The reality of owning rental properties and trying to sell them at a gain is far different from the dream.
Owning real estate to build wealth is a tangible dream for many investors: They figure they can find a broker, buy a few properties, sit back and collect rents. Or perhaps they could flip properties for a quick profit. But the reality of owning rental properties and trying to sell them at a gain is far different from the dream. Being a landlord is much harder and riskier than it seems.
Many property investors start out thinking they can manage their own real estate investments, overlooking one simple fact: the skills that brought them wealth aren’t likely to bring them success in real estate. Being a banker, lawyer, doctor or other business owner gives them the funds to invest, but not necessarily the knowledge to make sound decisions about those investments — let alone the time and know-how to execute. As Bill Gates once said, “success is a lousy teacher. It seduces smart people into thinking they can’t lose.”
Eventually, many property owners end up hiring advisors, property managers and other experts — or they get out of the business entirely. The reasons why can offer valuable lessons for investors who aspire to be landlords. Anyone seriously considering direct investment in real estate should make a frank assessment of their qualifications and ask themselves the following four questions:
1. Do I have the expertise?
Owning rental property requires you to be educated in the intricacies of direct investment, and first and foremost is valuing real estate correctly. Assessing your ability to buy and manage an asset means thinking about every scenario that could impact its value. Are you qualified to do this on your own — from making bank payments and collecting rents to handling maintenance and repairs? What will the overhead cost you? If you don’t know the right questions to ask, then you aren’t qualified to do this on your own. What’s more, if you’re not a seasoned investor, you’ll likely be bidding for properties against others who are.
2. Do I have the money?
Ostensibly, maintaining a rental property on your own allows you to cut costs. But it can still end up costing many dollars. Acquiring and improving a rental property is capital intensive. While you may be able to buy a property, can you build a portfolio of properties without taking on too much risk? Taking out loans can expose you to acute risk, as a recent Brookings study notes. Inexperienced investors typically lowball their expense projections and paint a picture around income projections that is far too rosy. They’re brought up short when tenants give notice, maintenance is deferred too long or urgent repairs pop up. If the venture doesn’t go as planned, the cost of a turnaround can be sizable. With only one or two properties, it’s hard to fall back on other income streams. You may need to borrow money to keep the property competitive.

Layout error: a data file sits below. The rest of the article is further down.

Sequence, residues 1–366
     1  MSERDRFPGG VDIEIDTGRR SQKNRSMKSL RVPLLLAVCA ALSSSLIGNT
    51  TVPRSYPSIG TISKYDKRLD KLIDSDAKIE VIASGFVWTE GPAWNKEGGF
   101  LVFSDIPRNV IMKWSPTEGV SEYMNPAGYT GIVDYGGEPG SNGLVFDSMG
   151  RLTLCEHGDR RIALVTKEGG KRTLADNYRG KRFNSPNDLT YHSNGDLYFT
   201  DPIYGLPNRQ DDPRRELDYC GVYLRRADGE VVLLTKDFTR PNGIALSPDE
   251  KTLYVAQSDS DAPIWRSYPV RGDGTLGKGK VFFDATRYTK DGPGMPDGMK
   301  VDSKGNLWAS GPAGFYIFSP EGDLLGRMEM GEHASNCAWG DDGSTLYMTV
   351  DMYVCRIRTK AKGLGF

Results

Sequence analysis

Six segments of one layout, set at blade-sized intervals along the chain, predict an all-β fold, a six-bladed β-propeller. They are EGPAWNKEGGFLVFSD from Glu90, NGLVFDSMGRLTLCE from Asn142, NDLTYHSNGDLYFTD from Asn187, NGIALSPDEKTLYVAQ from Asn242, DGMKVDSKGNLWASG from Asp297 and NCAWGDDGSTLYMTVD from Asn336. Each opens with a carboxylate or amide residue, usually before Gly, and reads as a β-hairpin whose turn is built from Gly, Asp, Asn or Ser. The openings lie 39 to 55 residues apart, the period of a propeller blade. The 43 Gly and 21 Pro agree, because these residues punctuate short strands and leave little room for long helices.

An underappreciated aspect of hiring for rental property expertise is how hard it is to find good property managers. A property management agency assigns its best people to its best clients, and it’s hard to be a top client if you own one or two properties. As a result, a property investor with a small portfolio may be taking a chance on untested or sub-par performers. Turnover is on the rise too, especially among on-call maintenance personnel. An established firm will likely be better at recruiting, supervising and retaining talent. Even so, landlords will find distinct differences between managers of large and small properties. If you’re dissatisfied with your property manager, better options may not be at hand.
4. How much is my time worth?
Buying and owning rental properties successfully requires constant focus, which is difficult for anyone as a sideline or hobby. Managing an asset is a distraction that takes you away from other business or personal interests. What will you be giving up by spending time on real estate activities? Instead, you may end up paying a caretaker, property manager and trade workers to take on time-consuming tasks. Are the fees and your time managing the manager worth it? Even so, don’t underestimate the time it will take to manage the managers. Even that job may be more than you bargained for. If your goal is to learn the business, have a serious avocation or a combination of both, then owning and managing your own rental properties will work for you. If your goal is to maximize your investment dollars, there are better ways to do that.
Alternatives To Direct Investment
Generating rental property income is a high-overhead business. It’s my belief that the idea of earning passive income by owning rental property directly is an oxymoron — the need for active management of the property will make itself clear very soon. While the potential for gain is great, management costs and other fees often strip away those benefits.
I tell friends that if they’re not willing to go all in on an investment property and actively manage it full-time, they’re better off putting their money in the public markets or private equity funds. However, if you can’t find good real estate managers to generate passive income or stomach the volatility of the public markets, it’s better not to invest at all.